The Story of Siri, from Birth at SRI to Acquisition by Apple—Virtual Personal Assistants Go Mobile
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SRI researcher Douglas Engelbart in 1968, in a lecture in San Francisco that has been called “the mother of all demos.”
“The original concept that Doug was so fond of was human augmentation,” says Winarsky. “He was talking about a different kind of augmentation than Siri. A lot of what we are doing now automates processes that Engelbart never conceived of, such as natural language understanding and real-time machine learning. But the overall theme remains the same.”
In the early 2000s, according to Mark, the Defense Advanced Research Projects Agency (DARPA) asked SRI to lead a project investigating the feasibility of a “personalized assistant that learns”—a system that could help commanders and staff manage information more effectively in military command-and-control environments. Giving such a system learning capabilities was key, Mark says. “There is an enormous burden to get all of the knowledge into the system that it really needs to have, and it is never going to stay current unless there is some kind of learning,” he explains. The project SRI launched to explore many different kinds of computer learning was called CALO, for Cognitive Assistant that Learns and Organizes.
Mark became CALO’s principal investigator, and at DARPA’s request, he focused the work on creating a virtual office assistant. “The reason they asked us to do that was that it was a very large team that included about 20 universities across the country, and the one thing we all had in common is that we were all knowledgeable about working in office environments,” Mark says. “They wanted the team to understand the domain and work in that domain themselves.” In other words, DARPA wanted the CALO researchers to eat their own dog food.
Around the same time, but separate from the CALO project, Winarsky and Mark had launched an internal SRI study that they code-named Vanguard. It was an attempt to understand and improve the puzzling economics of the mobile telephony industry.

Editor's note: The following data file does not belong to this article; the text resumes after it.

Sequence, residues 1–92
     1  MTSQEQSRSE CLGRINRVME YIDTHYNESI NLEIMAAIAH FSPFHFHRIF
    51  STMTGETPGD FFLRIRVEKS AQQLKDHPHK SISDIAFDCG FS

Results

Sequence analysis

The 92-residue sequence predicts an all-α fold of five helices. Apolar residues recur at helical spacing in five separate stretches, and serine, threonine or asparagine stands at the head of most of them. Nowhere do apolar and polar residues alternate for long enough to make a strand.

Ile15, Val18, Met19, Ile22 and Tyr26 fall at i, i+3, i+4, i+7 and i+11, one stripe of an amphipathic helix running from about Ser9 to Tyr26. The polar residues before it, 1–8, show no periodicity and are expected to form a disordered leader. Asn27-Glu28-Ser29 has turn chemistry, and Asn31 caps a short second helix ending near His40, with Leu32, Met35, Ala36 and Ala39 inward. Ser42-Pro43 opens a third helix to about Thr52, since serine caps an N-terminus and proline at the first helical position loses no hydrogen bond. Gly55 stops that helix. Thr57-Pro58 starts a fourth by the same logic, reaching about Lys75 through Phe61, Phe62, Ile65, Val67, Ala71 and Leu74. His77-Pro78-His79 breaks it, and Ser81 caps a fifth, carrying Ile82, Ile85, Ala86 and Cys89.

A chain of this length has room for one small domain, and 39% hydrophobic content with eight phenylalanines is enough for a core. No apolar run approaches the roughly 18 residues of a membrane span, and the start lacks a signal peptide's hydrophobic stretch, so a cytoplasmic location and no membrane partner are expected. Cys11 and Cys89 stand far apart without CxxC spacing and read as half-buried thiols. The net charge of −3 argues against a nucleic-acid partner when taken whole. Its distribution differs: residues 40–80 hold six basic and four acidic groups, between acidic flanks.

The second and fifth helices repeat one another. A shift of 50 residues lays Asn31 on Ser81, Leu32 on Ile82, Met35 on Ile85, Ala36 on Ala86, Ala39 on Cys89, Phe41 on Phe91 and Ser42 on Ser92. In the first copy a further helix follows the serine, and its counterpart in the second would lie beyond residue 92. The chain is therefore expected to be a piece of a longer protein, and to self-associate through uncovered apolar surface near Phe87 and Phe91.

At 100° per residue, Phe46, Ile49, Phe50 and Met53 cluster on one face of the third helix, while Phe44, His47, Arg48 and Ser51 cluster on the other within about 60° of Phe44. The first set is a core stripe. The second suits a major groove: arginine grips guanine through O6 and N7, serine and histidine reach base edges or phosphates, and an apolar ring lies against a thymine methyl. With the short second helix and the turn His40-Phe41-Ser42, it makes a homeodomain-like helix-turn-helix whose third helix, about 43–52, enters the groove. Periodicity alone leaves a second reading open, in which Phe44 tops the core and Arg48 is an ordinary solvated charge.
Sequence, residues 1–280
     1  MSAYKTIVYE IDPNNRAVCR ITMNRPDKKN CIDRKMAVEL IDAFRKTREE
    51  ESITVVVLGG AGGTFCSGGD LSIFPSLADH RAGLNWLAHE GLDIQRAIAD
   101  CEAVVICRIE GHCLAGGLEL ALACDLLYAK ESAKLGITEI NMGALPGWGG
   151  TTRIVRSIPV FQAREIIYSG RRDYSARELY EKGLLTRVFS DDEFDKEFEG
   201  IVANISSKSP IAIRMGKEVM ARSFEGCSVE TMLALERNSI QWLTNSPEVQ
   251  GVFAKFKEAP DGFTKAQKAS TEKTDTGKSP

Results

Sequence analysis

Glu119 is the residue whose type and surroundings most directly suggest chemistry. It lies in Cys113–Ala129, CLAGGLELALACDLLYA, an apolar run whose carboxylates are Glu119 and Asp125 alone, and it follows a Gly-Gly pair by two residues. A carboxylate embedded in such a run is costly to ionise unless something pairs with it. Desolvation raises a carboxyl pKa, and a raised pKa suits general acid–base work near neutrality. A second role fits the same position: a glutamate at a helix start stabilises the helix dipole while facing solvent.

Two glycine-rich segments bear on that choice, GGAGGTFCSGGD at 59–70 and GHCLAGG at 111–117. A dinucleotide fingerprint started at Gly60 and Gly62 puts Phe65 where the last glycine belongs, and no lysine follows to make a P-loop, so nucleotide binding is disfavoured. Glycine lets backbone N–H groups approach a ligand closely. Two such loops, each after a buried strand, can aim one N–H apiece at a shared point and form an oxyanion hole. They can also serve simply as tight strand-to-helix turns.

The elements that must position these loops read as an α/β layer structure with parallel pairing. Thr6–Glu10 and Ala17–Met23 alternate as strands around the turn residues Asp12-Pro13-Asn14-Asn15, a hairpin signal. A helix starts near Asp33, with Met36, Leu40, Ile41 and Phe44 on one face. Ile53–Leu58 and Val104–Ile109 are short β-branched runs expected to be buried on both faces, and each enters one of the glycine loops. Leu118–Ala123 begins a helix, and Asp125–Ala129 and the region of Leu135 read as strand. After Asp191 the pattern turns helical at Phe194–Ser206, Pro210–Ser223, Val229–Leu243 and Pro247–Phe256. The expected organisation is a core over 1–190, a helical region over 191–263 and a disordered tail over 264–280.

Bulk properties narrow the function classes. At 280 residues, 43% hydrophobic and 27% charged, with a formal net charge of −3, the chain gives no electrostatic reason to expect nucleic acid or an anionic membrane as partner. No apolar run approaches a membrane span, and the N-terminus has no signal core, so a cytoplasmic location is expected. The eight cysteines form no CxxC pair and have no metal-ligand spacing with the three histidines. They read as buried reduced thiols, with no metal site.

“What was happening in the industry was that revenue from voice services was going to zero on a very sad-looking, downward exponential curve, and the hope of the industry was data services revenue, which was projected to have a very happy, upward exponential curve,” Mark says. “The problem was that the revenues from data services were not actually occurring, or were not increasing nearly enough to compensate. Everybody knew that. So Norman and I brainstormed and came up with a thesis, which was that it was because data services were just too hard to use.”
People were eager to user their mobile devices to accomplish more in their lives, but the software that wireless operators and their partners had come up with to that point was simply too clunky, Mark believed. “We went around and talked to a whole lot of people in the industry, the carriers and the handset makers and people in the general industry, and they essentially validated that,” Mark says. “They also started sponsoring some R&D in that space.”
Eventually, Vanguard met CALO. “We knew there was this incredible need for a better way to deal with services in the mobile world,” says Mark. “So we took the CALO concept of an office assistant, and this driving need for assistance in the mobile world, and created the basic Siri concept.”
At this point in the story, a little detour into SRI’s own business model and innovation philosophy is required. More than 80 percent of the research SRI does is funded by the federal government. Thanks to the Bayh-Dole Act of 1980, which gave universities, small businesses, and non-profits the rights to intellectual property arising from federal funding, SRI is able to license the results of its work to … Next Page »
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